How do you do a reading from a comic book? Comic books resist performance. Do you read from the word bubbles? The captions? You don't describe the action in the panel, do you? If you project it on a screen, do you just talk about the panel and let the audience read the words at their own pace? But different people read at different speeds, which means you're either boring half the audience or confusing the slower readers. Most cartoonists, when they tour with their books, just give up and show a few slides or go straight to Q&A.
Art Spiegelman, the author of Maus and creator of some of the best New Yorker covers of all time, may have finally cracked the code. Spiegelman has been talking about comics for years in slide shows across the country, but his new show, Wordless!, is his most performative yet. "I've been calling it intellectual vaudeville, but it's really more like entertaining chautauqua," Spiegelman says by phone.
Wordless! was born out of Spiegelman's desire to introduce people to a forgotten genre of wordless black-and-white woodcut graphic novels "that got popular around 1918 or so, and kept going pretty much straight through to World War II." ("You know, they're pretty hip in Seattle, so maybe some of your readers have heard of these things," Spiegelman apologizes in the middle of his explanation.) Inspired in part by silent films, woodcut novels demonstrated an astonishing breadth of subject matter: "political, melodramatic, and other themes, and even parody versions." Spiegelman has been obsessed with these books for decades, and he finally wanted to share what he'd learned about them with audiences, but, he says, "it was impossible to hand out a lot of books and say, 'Okay, look at this and then let me tell you what I think.'"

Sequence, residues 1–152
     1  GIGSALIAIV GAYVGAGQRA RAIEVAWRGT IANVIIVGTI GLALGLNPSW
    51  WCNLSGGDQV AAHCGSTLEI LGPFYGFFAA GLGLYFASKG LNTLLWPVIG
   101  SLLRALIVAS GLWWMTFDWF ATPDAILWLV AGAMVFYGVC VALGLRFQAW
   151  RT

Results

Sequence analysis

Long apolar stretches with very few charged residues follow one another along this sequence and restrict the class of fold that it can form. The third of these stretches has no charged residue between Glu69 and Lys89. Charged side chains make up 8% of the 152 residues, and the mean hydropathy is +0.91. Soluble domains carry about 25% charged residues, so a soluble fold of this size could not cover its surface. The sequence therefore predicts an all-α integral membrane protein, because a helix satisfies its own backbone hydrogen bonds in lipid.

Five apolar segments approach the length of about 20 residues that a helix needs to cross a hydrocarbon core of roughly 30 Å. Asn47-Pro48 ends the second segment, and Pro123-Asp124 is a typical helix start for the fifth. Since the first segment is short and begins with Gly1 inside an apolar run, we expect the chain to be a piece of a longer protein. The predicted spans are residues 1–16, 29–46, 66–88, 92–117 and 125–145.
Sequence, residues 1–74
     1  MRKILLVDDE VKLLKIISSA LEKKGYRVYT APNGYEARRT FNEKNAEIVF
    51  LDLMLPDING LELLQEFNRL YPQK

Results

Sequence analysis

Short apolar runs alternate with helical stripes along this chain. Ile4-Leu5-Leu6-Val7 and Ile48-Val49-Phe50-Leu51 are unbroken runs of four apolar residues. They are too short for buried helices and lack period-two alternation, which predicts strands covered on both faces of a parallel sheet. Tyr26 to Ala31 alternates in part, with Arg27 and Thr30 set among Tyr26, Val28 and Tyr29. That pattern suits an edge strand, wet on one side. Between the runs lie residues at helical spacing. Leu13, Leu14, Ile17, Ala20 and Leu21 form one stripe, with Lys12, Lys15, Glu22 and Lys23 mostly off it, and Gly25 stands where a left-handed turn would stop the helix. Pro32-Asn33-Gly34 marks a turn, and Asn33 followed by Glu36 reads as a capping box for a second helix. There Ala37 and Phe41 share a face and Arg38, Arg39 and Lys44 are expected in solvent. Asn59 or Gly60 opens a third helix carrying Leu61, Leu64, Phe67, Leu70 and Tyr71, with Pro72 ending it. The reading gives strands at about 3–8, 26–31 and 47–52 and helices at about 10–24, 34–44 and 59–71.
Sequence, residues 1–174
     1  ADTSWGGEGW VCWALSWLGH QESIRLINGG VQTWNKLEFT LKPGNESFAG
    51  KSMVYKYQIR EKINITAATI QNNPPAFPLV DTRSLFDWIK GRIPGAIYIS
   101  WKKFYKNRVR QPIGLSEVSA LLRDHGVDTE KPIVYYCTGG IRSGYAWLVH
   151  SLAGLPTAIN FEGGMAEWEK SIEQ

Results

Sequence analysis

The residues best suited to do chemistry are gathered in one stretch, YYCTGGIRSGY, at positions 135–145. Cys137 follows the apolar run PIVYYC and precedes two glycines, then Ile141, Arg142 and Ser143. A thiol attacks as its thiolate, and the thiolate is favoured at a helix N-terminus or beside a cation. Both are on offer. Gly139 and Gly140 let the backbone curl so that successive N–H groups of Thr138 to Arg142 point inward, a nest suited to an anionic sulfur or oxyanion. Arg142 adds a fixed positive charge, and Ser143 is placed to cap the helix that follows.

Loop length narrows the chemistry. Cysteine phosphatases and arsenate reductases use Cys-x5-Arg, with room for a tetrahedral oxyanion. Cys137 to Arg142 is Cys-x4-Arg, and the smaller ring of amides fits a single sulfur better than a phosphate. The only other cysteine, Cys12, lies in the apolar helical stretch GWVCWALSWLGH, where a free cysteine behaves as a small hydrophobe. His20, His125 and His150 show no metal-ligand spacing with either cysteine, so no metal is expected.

Finally, Spiegelman got the idea of putting the wordless comics up on a giant screen in a QuickTime slide show as he narrated and provided commentary while a live band played original music. He knew just the jazz composer he needed: "I'd collaborated with Phillip Johnston in the past, we got along really well, and I admire him as a stylistic switch-hitter." Johnston also had plenty of experience scoring silent films. Spiegelman worked with him to choose the best music for each piece. "Jazz is a pretty broad category, when you get right down to it," Spiegelman says, and he wanted to present a broad spectrum of styles and genres of comics in the show.
Spiegelman did plenty of experimenting to determine how to pace the slide shows in order to squeeze the 18 artists and his own original meta-wordless comics into one evening without it seeming rushed. "The music has a lot to do with helping you understand what you're looking at," he says; without the musical cues, "we'd otherwise have time for three books in an hour and a half, maybe? At best. If I was moving quickly." Spiegelman's bringing jazz and comics—commonly referred to as the two uniquely American art forms—together on a stage. There's something about the confluence of live performance and century-old texts, of conversation and music, of words and pictures that amounts to more than just a collection of elements. Spiegelman sounds like he's having the time of his life.